Rampart. The sort of Oscar-mongering that can cast a liberal activist (Woody Harrelson) as a racist thug to show us how “complex” the modern world is supposed to be.
Lisa Schwarzbaum, Entertainment Weekly
1. I Don’t Know How She Does It
2. Sucker Punch
3. Jack and Jill
4. Larry Crowne
5. The Twilight Saga: Breaking Dawn—Part I
Choire Sicha, the Awl
It’s easy to pick on the movies that we knew were going to be garbage (like Jack and Jill, and Drive Angry, and Abduction), but 2011 brought a heap of movies by talented people that should have been good that were absolute crap. Such as: Contagion, J. Edgar, and Source Code. (All movies that were worse than Green Lantern, which was not so good!) Those are unacceptable! Still, the movie I found to be personally the most wounding, because I love YA and sci-fi, was I Am Number Four. What a terrible thing it was! So sad.
So my top worst five this year (and I spared myself the worst of the worst!) are:
5. J. Edgar. Pompous boring garbage on a stick.
4. Source Code. Where were the other two thirds of the film?
3. Contagion. Cheapo production looks cheap; sloppy script omits point.
2. I Am. Tom Shadyac’s well-intentioned and very sweet documentary is the worst kind of disastrous mess. Shadyac started on a journey of discovery after almost dying (after spending his life making a bunch of big-budget Hollywood comedies) and what resulted is an incoherent, inconclusive journey into the mysteries of the universe, California-style.
1. I Am Number Four. My poor Timothy Olyphant! I hope he bought a small house somewhere (and invites me over).
Charles Taylor, New York Times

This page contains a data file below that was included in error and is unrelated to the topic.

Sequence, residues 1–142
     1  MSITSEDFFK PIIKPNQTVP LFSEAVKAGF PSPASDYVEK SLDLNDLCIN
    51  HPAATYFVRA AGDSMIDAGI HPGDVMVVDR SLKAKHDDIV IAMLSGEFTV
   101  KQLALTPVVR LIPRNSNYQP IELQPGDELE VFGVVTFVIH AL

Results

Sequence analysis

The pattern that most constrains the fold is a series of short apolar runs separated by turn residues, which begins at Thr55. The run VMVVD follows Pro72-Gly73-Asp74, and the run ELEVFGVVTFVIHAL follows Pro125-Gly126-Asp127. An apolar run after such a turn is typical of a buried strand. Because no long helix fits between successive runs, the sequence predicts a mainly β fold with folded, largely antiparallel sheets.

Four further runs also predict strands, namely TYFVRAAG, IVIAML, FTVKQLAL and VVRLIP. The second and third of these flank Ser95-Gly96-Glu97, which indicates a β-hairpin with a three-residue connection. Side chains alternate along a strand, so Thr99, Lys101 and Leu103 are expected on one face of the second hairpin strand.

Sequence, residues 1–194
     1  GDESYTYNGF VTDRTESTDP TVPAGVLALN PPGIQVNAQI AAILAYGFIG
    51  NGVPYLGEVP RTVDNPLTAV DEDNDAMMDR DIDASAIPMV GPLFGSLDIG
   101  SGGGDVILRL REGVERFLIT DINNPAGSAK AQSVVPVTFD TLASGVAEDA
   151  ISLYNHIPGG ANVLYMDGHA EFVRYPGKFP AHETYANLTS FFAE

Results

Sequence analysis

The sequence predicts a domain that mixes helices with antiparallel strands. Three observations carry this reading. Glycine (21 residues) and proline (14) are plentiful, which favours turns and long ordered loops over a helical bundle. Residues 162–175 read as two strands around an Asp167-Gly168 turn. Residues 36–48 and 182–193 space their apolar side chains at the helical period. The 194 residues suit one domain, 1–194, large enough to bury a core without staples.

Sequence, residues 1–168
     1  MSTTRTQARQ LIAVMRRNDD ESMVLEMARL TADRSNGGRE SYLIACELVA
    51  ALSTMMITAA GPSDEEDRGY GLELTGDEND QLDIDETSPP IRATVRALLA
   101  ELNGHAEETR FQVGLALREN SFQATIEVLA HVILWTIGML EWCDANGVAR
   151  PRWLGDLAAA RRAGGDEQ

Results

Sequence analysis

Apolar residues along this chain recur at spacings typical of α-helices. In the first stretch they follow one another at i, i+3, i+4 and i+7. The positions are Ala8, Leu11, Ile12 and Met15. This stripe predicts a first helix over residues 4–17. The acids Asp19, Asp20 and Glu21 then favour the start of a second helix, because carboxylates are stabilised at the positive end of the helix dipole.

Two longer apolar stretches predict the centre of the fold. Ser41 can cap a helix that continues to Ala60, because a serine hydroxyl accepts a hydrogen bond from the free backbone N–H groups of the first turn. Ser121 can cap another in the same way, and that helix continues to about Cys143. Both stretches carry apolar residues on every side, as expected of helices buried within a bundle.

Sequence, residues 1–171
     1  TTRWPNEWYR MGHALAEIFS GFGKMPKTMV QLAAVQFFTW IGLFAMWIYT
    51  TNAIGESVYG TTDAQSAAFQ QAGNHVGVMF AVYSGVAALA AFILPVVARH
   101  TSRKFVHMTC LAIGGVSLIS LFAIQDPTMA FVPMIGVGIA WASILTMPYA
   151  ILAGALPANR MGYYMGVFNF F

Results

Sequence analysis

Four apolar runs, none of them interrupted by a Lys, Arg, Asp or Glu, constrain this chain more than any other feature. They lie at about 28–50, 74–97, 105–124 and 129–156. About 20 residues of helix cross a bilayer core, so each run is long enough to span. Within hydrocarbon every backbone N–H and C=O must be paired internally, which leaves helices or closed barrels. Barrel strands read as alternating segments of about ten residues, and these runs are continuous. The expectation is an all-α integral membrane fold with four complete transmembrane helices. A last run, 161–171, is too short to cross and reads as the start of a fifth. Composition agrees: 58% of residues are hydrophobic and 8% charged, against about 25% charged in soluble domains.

Shame. A supposedly open examination of sexuality in which the only thing more depraved than gay sex is a heterosexual threesome. At last, an art movie for Santorum voters.
The Tree of Life. “Father? Mother?” Oh, brother.
Bridesmaids. Ugly in both technique and spirit. For this to be hailed as a breakthrough for women in a year when the most ambitious American film, Sucker Punch, also the strongest feminist film to ever come out of Hollywood, was condemned as sexist suggests that film critics have collectively lost their fucking minds.
Cold Weather. The Big Zzzzzzzzzzzzzz
Anything that Miranda July ever does in this life or the next.
Scott Tobias, the AV Club
My worst five (in order of most to least execrable):
Extremely Loud and Incredibly Close. No film in recent years has agitated me quite as much as this one — I wanted to reject it from my system like some invasive, malevolent body laying waste to the heart. The conceit of a boy’s five-borough quest in the wake of his father’s death on 9/11 probably would have been too precious for me under any circumstances, but between our hyperprecocious hero and Stephen Daldry’s relentless prodding — does that score ever fucking stop? — I think I’ll be screaming “too soon!” from here to eternity.
Jack and Jill
Just Go With It
Atlas Shrugged, Part 1. It’s hard to tell whether Taylor Shilling’s turn as a capitalist robot/Fox News–ready super-blonde is the most laughable performance of the year or the perfect realization of Ayn Rand’s stilted vision. Either way, it’s mesmerizing.